the matrix revisited - neo4j

A long time ago in a galaxy far far away ... hold on, that's the cue-line from a different movie. Anyway, some time ago I was an IDMS database administrator. For those who don't know it, search for CODASYL in wikipedia. Those who do know will agree that it was superior to a relational database (and older), but it required specific knowledge of the problem you wanted to solve and often the database would then perform badly for a different problem.

Relational databases - once machines were fast enough to alleviate the speed difference - were (and still are) easier to work with. You don't need a specialist team of database administrators/architects.

But relational databases were apparantly not safe against all competition (enter tune of The Empire strikes back here). At the moment there's once more a war going on between SQL and NOSQL. By the way, did you know that NOSQL stands for Not Only SQL ? I think that's important, because it means that side of the war at least knows that both sides are there to stay.

In my book I had an example using MongoDB. So when I was recently asked to use something else than a relational database in a project ... the choice was clear, was it not ? Of course it was. I went out, searched the web and came up with graph databases of which Neo4j is the top dog.

And since my own knowledge about NetKernel is more advanced than at the time of writing the MongoDB chapter, I set out to write a complete Neo4j integration.

You can find the main module here : https://dl.dropbox.com/u/65770556/urn.org.netkernel.neo4j.embedded-1.7.2.zip (note : you have to put the neo4j 1.7.2 libs in the lib subdirectory)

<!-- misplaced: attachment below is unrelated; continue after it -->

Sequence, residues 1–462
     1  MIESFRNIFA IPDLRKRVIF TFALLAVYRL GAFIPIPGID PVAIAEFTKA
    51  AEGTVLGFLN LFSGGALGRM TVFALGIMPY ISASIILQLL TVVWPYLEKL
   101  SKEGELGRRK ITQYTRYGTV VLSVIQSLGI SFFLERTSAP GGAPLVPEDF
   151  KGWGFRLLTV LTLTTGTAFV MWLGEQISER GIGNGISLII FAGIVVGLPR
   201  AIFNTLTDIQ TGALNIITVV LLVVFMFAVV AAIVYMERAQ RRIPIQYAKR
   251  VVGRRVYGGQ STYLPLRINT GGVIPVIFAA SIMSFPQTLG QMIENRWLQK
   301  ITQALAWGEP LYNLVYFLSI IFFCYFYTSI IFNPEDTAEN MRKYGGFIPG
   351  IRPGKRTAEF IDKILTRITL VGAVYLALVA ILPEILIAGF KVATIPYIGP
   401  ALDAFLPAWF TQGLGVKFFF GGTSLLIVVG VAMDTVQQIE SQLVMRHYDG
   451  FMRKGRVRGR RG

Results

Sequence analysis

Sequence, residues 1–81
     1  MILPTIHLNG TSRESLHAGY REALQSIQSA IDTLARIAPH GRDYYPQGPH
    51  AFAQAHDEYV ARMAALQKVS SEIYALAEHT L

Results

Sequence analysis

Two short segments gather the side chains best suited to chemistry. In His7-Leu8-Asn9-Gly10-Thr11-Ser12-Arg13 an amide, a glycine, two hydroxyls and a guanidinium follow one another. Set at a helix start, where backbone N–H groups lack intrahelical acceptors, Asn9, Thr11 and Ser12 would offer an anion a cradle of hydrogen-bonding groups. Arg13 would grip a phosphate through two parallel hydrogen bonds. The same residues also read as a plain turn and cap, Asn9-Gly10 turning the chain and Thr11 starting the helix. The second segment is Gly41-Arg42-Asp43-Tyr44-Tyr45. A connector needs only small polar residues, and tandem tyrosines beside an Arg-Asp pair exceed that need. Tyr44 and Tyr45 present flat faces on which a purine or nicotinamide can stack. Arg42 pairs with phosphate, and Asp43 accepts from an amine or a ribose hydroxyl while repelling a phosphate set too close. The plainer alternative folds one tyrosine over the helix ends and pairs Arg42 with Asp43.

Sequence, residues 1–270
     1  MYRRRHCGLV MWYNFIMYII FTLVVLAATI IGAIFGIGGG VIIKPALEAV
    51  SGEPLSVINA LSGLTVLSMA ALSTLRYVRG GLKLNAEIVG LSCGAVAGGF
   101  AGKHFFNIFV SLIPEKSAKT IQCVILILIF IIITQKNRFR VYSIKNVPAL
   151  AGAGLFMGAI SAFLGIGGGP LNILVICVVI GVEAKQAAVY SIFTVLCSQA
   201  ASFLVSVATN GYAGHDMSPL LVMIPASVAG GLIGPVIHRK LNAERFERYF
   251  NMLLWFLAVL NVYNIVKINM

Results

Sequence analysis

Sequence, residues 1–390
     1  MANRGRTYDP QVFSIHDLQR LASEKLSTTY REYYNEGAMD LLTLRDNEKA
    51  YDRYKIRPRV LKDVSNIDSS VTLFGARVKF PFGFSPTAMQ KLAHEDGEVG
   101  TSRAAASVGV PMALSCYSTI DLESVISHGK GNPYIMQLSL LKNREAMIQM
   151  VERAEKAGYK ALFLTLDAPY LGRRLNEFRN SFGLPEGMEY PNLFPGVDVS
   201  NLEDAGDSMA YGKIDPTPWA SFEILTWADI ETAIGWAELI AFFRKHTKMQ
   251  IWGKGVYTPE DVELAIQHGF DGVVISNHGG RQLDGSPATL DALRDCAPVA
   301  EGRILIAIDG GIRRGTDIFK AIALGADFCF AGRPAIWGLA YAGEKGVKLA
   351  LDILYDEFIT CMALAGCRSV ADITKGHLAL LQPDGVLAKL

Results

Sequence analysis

You can find the unittest module here : https://dl.dropbox.com/u/65770556/urn.test.org.netkernel.neo4j.embedded-1.7.2.zip

I was extremely pleased when I saw what Neo4j could do. This is the way Computer Associates should have taken IDMS, rather than pay lip service to relation databases and produce a flesh nor fowl hybrid that nobody wants. For yes, a Graph database is very much like a CODASYL database (given 20+ years of fast evolving). My old skills are back in demand !

The issue IDMS had remains in Neo4j though (in my opinion). It is a specialist database. You will need good database administrators/architects (preferably the same team) to make it work for your problems.

Right, that's it for this week.

Disclaimer :
  • I'm voicing my own personal opinion on Neo4j based on working with it in a limited environment for three weeks. 
  • The code I deliver is not production ready. It allows you to play with Neo4j in NetKernel and enters a couple of constraints to make things easier which are not part of Neo4j as such. The code is delivered "as is" and is not guaranteed to do anything. It contains no documentation yet (that'll change in a couple of days), check the unittests for use examples.